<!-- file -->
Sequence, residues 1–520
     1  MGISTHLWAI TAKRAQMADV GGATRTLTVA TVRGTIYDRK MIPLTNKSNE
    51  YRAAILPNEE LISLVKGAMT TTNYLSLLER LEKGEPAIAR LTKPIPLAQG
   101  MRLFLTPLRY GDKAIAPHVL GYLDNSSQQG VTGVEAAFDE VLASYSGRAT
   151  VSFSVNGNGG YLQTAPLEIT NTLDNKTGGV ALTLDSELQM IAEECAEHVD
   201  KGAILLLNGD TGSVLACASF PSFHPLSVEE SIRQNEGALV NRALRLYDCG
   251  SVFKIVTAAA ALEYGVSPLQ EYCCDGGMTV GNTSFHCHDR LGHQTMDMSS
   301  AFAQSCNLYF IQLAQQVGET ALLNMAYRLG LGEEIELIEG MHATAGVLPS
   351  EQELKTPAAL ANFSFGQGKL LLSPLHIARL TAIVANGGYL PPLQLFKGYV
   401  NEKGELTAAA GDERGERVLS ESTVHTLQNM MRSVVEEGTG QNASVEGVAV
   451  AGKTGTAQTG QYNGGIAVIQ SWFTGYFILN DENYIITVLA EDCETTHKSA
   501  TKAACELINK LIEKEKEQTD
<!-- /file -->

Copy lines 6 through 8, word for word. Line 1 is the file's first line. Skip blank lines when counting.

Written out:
   201  KGAILLLNGD TGSVLACASF PSFHPLSVEE SIRQNEGALV NRALRLYDCG
   251  SVFKIVTAAA ALEYGVSPLQ EYCCDGGMTV GNTSFHCHDR LGHQTMDMSS
   301  AFAQSCNLYF IQLAQQVGET ALLNMAYRLG LGEEIELIEG MHATAGVLPS